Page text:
- Credit: pexels.com
- Posted By: Admin
- 2020-07-21 05:06:24
A phase 2 trial of an Ad5 vectored COVID-19 vaccine candidate, conducted in China, has found that the vaccine is safe and induces an immune response, according to new research published in The Lancet.
The randomised trial sought to evaluate the safety and immunogenicity of the vaccine candidate and follows a phase 1 trial published in May 2020 . The results provide data from a wider group of participants than their phase 1 trial, including a small sub-group of participants aged over 55 years and older, and will inform phase 3 trials of the vaccine.
However, the authors note that it is important to stress that no participants were exposed to SARS-CoV-2 virus after vaccination, so it is not possible for this study to determine whether the vaccine candidate effectively protects against SARS-CoV-2 infection.
Professor Feng-Cai Zhu, Jiangsu Provincial Center for Disease Control and Prevention, China, says: "The phase 2 trial adds further evidence on safety and immunogenicity in a large population than the phase 1 trial. This is an important step in evaluating this early-stage experimental vaccine and phase 3 trials are now underway." 
Currently, there are about 250 candidate vaccines against SARS-CoV-2 in development worldwide, including mRNA vaccines, replicating or non-replicating viral vectored vaccines, DNA vaccines, autologous dendritic cell-based vaccine and inactive virus vaccines. At least 17 of them are currently under evaluation in clinical trials.
The vaccine in this trial uses a weakened human common cold virus (adenovirus, which infects human cells readily but is incapable of causing disease) to deliver genetic material that codes for the SARS-CoV-2 spike protein to the cells. These cells then produce the spike protein, and travel to the lymph nodes where the immune system creates antibodies that will recognize that spike protein and fight off the coronavirus.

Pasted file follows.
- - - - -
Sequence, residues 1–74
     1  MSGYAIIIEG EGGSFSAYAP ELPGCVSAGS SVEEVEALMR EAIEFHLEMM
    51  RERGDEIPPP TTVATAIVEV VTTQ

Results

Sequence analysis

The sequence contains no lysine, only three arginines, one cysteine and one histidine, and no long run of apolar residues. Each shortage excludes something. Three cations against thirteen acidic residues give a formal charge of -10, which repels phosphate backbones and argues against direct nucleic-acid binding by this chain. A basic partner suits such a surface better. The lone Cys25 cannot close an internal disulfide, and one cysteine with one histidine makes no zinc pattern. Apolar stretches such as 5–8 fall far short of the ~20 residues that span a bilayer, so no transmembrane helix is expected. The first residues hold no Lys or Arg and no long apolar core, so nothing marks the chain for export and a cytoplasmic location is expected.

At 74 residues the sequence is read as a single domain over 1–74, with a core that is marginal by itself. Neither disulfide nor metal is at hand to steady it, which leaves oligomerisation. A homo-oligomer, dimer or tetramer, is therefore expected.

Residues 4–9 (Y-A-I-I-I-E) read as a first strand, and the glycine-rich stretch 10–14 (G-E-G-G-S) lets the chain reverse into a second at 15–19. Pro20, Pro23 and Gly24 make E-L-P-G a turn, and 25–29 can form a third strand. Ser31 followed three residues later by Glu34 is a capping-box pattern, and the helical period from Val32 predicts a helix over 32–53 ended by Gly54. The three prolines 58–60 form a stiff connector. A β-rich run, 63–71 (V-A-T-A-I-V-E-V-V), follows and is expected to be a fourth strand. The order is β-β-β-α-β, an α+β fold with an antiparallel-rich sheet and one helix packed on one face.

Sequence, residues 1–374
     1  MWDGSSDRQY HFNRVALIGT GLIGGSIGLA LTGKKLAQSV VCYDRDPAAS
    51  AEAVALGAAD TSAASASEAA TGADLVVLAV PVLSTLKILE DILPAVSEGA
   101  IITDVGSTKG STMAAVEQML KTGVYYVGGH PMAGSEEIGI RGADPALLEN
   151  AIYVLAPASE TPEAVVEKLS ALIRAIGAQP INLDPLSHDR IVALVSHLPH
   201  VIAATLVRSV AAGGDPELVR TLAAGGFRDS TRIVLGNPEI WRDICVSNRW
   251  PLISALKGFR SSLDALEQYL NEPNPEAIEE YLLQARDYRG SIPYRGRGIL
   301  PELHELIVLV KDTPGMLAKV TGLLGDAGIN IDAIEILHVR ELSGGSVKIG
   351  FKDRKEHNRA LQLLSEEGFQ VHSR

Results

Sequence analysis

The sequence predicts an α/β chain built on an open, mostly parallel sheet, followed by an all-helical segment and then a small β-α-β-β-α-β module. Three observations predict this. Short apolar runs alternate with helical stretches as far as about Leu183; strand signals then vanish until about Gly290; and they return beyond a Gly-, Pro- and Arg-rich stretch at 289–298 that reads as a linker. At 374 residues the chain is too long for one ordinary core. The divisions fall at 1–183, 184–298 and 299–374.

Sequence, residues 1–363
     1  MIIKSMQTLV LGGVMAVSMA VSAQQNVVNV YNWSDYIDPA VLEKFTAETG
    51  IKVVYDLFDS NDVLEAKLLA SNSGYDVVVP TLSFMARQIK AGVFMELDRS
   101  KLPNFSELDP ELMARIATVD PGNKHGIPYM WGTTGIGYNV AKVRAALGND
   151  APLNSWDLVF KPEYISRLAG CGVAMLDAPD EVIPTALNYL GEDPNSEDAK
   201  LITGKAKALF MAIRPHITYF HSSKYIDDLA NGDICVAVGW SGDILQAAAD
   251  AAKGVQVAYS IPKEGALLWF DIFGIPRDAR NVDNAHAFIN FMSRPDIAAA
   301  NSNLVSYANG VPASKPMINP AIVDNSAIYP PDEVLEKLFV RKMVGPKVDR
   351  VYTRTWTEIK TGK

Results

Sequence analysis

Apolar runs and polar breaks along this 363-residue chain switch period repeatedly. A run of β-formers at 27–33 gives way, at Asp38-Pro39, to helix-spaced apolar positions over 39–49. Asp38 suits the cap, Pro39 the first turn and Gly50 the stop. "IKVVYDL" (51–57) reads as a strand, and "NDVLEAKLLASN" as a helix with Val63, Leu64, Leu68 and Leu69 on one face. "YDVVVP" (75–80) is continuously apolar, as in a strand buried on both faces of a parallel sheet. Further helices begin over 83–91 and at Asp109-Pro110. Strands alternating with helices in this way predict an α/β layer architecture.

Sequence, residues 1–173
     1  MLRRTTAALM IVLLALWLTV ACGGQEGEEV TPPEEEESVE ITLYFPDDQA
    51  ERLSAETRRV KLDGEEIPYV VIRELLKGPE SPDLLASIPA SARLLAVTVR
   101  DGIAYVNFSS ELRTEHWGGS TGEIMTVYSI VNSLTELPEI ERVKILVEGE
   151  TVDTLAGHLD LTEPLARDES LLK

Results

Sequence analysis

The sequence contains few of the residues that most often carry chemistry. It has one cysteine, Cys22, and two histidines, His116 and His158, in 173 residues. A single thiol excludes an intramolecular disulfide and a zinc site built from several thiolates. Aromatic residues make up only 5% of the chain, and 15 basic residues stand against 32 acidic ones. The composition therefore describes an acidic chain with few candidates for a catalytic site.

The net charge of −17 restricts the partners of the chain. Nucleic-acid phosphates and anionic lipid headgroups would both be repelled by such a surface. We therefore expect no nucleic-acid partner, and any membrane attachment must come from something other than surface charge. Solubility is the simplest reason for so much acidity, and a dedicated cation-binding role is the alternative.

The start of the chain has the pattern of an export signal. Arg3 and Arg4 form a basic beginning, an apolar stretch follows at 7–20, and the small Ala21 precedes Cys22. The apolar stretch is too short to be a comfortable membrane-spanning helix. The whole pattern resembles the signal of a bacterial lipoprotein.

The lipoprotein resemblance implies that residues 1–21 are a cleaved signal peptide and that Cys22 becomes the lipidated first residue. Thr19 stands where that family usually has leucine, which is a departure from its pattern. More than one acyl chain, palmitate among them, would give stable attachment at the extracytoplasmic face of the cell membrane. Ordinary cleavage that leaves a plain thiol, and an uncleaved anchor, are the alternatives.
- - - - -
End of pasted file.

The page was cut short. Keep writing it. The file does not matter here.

508 participants took part in the trial of the new vaccine. Of these, 253 received a high dose of the vaccine (at 1×1011 viral particles/1.0mL), 129 received a low dose (at 5×1010 viral particles/1.0mL) and 126 received placebo. Approximately two thirds of participants (309; 61%) were aged in 18-44 years, a quarter (134; 26%) were aged 45-54 years, and 13% (65) were 55 years or older.
Participants were monitored for immediate adverse reactions for 30 minutes after injection and were followed for any injection-site or systemic adverse reactions within 14- and 28-days post-vaccination. Serious adverse events reported by participants during the whole study period were documented. Blood samples were taken from participants immediately before the vaccination and 14- and 28-days post-vaccination to measure antibody responses.
The trial found that 95% (241/253) of participants in the high dose group and 91% (118/129) of the recipients in the low dose group showed either T cell or antibody immune responses at day 28 post-vaccination.
The vaccine induced a neutralising antibody response in 59% (148/253) and 47% (61/129) of participants, and binding antibody response in 96% (244/253) and 97% (125/129) of participants, in the high and low dose groups, respectively, by day 28. The participants in the placebo group showed no antibody increase from baseline.